Shattuck Observatory: A spotlight on the telescope’s presence on campus
The Observatory is currently used for public observation, faculty research and student observing sessions.
This article is featured in the 2023 Winter Carnival special issue.
Shattuck Observatory was opened in the fall of 1854 and now stands as the “oldest of the scientific buildings of the College,” according to Dartmouth Alumni Magazine. The iconic dome is named after George Cheyne Shattuck, a member of the Class of 1804, as one of the main donors of scientific equipment to the College during the mid-19th century. Today, professors and graduate students from the department of physics and astronomy regularly invite students and the wider Hanover community to the Observatory, offering visitors an opportunity to explore the wonders of the night sky.
Physics and astronomy professor Ryan Hickox explained that the Observatory is home to an older telescope from the 1870s, but that the telescope is now rarely used because “it is difficult to keep it in good operational condition.” Hickox noted that the Observatory is now operated and maintained by the physics and astronomy department, adding that the department usually teaches using the North Telescope — located in a shed next to Shattuck Observatory — due to its being “physically smaller but significantly more powerful.”
Hickox said that while teaching ASTR 3: “Exploring the Universe,” he brings students to the observatory for the lab component of the class.
“We do several kinds of observing labs, one of which is called deep sky observing,” Hickox said. “We point at some interesting objects like a cluster of stars or a distant galaxy, and the students make drawings of what they see and do an analysis of what they observe.”
Jack Sinatra ’25 said that he used the North Telescope while enrolled in ASTR 3 in the fall of 2021, which was a “very cool” experience.
“[ASTR 3] is not a course designed for astronomy majors, but rather for people who are a little interested in astronomy and just want to take a fun course,” Sinatra said. “We were looking for Jupiter in the sky, and we were able to figure out where it was with the telescope.”
Sinatra also said that he appreciated the experience as he has an interest in astronomy, and taking the class showed him that “studying these things is possible even outside of being a major or minor.”
In addition to its teaching use, nine graduate students from the department of physics and astronomy also use the telescope to host public observing nights, according to physics and astronomy Ph.D student Thomas Boudreaux. Boudreaux noted that public observing takes place every week for two hours when undergraduate classes are in session — though cloudy weather may cause cancellations.
“If the weather is good, just before the public observing night begins, we roll back the roof of the shed, turn on the computers which control the telescopes and point the telescopes at pretty fun things in the night sky,” Boudreaux said. They added that Jupiter and Saturn are “big crowd pleasers,” and other galaxies and star clusters are also common targets.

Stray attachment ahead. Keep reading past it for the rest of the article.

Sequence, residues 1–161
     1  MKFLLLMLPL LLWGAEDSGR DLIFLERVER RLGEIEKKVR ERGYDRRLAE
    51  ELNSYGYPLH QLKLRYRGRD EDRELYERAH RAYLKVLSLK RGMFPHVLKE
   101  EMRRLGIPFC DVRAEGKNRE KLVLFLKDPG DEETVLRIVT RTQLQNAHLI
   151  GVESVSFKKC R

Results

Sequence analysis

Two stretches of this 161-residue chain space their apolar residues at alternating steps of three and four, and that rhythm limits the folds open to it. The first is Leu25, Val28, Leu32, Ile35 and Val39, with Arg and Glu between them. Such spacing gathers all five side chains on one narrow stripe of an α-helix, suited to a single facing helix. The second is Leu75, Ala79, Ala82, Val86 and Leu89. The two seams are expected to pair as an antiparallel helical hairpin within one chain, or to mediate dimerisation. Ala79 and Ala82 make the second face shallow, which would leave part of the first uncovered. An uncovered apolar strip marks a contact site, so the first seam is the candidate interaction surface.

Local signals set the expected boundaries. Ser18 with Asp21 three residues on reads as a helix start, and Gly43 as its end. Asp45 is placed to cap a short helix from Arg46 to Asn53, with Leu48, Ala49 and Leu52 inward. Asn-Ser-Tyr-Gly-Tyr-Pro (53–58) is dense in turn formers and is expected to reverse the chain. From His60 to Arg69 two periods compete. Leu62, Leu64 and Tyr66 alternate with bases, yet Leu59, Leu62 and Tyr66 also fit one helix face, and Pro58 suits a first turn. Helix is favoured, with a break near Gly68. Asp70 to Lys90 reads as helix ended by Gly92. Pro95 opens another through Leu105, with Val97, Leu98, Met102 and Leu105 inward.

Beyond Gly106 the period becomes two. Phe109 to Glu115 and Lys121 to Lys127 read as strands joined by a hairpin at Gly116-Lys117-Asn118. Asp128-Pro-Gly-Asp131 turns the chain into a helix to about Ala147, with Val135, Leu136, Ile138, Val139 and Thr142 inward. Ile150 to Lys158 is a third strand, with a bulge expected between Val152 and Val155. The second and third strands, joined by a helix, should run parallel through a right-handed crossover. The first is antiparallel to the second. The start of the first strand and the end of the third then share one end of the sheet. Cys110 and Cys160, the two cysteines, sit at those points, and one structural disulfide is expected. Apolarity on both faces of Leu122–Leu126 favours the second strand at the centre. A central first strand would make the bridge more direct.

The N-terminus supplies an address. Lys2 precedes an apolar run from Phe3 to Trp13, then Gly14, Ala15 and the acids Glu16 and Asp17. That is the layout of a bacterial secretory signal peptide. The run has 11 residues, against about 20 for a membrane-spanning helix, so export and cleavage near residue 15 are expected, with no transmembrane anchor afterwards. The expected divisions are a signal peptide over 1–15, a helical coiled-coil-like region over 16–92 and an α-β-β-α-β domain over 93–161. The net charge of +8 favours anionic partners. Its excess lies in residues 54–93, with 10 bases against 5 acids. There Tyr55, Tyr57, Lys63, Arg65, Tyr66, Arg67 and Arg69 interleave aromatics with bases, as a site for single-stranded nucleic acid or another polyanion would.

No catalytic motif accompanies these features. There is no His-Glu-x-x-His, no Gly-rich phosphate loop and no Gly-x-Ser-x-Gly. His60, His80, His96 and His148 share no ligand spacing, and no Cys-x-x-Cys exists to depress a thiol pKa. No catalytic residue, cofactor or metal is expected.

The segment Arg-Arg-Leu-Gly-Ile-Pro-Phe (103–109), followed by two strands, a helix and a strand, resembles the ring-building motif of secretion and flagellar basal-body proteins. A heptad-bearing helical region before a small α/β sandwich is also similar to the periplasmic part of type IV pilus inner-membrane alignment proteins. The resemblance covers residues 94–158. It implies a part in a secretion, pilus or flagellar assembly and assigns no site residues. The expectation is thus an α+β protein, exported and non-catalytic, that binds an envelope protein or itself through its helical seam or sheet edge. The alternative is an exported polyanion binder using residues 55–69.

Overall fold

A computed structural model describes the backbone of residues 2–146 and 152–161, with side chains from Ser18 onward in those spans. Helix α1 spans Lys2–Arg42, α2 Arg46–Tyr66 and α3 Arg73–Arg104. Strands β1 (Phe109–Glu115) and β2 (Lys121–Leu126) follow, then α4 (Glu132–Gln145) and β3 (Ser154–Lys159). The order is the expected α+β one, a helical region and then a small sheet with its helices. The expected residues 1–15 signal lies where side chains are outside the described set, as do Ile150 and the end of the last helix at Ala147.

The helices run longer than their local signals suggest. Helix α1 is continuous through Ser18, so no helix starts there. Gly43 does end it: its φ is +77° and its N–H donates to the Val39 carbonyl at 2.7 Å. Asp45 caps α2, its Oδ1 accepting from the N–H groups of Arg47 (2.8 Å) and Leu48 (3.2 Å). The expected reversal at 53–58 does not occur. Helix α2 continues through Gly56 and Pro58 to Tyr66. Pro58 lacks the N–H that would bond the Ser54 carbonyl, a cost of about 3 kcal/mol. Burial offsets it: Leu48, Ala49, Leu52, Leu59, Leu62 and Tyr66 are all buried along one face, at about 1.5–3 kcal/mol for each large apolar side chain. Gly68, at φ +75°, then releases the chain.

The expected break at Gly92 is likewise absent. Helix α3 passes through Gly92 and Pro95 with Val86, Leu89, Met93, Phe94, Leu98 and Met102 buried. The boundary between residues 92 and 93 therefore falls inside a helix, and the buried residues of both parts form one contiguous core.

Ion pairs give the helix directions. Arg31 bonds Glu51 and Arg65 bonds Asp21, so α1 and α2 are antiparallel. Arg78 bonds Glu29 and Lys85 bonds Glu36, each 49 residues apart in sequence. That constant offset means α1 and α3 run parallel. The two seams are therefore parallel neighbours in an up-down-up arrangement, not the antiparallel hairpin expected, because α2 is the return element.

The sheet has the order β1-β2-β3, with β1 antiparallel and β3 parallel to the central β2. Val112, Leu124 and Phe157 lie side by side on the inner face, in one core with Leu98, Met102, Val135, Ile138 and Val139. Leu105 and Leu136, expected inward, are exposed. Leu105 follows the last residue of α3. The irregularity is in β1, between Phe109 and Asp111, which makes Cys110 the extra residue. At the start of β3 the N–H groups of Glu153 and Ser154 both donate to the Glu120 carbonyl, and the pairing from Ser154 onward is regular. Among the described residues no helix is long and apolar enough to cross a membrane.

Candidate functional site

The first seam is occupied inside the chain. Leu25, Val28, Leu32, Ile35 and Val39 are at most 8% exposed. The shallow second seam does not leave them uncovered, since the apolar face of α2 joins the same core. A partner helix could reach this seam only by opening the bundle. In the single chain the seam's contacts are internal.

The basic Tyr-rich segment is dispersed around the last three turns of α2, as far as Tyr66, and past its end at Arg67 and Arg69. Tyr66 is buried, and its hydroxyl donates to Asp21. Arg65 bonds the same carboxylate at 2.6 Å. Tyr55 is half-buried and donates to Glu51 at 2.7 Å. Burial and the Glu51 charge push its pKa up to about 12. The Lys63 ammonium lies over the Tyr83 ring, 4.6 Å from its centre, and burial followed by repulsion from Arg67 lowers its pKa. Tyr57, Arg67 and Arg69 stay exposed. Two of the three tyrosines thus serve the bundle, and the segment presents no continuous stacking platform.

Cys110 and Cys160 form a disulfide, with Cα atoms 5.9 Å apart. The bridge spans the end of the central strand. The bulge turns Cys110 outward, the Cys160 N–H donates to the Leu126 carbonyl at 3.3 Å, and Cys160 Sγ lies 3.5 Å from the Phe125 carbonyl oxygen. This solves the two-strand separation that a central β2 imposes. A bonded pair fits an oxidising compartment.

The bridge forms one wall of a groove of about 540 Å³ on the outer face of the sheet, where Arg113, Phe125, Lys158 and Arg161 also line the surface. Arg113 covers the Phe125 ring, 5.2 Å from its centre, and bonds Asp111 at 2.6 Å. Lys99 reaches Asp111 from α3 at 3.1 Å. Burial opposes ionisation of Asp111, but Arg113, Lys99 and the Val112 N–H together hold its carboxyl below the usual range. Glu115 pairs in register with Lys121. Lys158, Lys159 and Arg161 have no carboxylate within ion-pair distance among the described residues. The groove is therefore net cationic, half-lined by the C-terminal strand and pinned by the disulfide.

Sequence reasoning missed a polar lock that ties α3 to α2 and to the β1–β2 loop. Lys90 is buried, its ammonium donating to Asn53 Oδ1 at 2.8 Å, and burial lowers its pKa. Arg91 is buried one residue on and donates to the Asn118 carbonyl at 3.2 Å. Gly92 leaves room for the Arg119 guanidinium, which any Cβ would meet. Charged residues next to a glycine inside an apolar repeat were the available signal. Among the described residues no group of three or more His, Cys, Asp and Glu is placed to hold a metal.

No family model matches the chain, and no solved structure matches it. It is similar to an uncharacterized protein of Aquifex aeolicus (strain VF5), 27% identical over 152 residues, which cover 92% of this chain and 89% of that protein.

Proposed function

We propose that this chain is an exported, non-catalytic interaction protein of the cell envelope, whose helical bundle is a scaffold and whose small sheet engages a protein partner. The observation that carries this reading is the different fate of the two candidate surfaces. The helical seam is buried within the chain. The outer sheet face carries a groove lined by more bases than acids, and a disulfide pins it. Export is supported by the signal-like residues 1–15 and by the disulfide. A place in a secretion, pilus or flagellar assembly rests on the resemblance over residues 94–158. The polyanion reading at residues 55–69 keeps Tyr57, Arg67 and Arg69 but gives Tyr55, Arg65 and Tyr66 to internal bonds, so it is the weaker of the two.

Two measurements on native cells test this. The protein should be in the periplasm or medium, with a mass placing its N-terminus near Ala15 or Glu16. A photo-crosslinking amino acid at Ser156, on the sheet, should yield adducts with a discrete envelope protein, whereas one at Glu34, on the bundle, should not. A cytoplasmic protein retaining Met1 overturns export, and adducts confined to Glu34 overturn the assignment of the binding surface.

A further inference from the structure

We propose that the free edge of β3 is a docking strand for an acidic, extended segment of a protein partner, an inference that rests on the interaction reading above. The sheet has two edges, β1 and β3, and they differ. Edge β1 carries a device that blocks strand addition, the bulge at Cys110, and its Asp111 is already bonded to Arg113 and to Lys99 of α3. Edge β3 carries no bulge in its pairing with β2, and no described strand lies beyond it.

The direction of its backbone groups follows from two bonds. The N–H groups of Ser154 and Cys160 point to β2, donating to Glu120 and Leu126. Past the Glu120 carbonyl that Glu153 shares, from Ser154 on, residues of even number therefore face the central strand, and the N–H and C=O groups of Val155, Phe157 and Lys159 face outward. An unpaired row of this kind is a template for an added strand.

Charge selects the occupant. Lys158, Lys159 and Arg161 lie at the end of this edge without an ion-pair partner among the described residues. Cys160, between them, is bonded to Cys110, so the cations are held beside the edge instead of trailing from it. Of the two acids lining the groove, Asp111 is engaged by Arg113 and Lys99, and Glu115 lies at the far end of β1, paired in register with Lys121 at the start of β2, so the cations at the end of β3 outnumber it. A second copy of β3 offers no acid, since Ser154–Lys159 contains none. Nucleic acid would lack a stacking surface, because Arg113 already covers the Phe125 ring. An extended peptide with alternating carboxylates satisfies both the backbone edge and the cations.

Boudreaux added that around 15 people attend each session on average, though the number has ranged from one to about 70.
“For the normal person that comes to public observing, it’s normally a ten to 20 minute event… usually one group shows up at a time,” they said.
Boudreaux added that public observation is open to the general public and that there is a “good split” of attendees — including undergraduate and graduate students, employees from Dartmouth Hitchcock Medical Center and the wider Upper Valley community.
Hickox, as the house professor for West House, has also previously invited West House community members to the Observatory, noting that he would remain at the Observatory after teaching lab classes to host members of the residential community.
“One of the goals of the house system is bringing what we do from the academic sphere into the residential community,” he said. “[Public observing] is very nice for folks who have taken astronomy classes, but sometimes it’s nice to just go with your residence or community from your house.”
Hickox added that he hopes that inviting the house community will help attract students who would not otherwise visit the Observatory.
“It’s really fun and always very enjoyable when someone who’s never looked through a telescope does it for the first time,” he said.
Sinatra said that he attended one of Hickox’s observing sessions in the fall of 2021 through West House, where he was able to see both Saturn and the moon.
Hickox explained that his favorite targets to observe through the North Telescope include Saturn’s rings, Jupiter’s moons and the Andromeda galaxy. He added that in ideal weather, observers can “see some galaxies that are tens of millions of light-years away.”
Boudreaux said that the organizers of the public observing nights are planning to redesign their structure in the spring. They said that apart from regular public observing, other potential events being considered include short talks by astronomy undergraduate and graduate students about their research, indoor planetarium shows using computer software and arts and crafts activities for children. Bourdreaux added that this would also allow events to continue even during inclement weather.
“All undergrads are always encouraged to come attend,” Boudreaux said. “We love getting [undergraduates] at public observing nights, talking to [them] about it and getting the chance to show off the night sky.”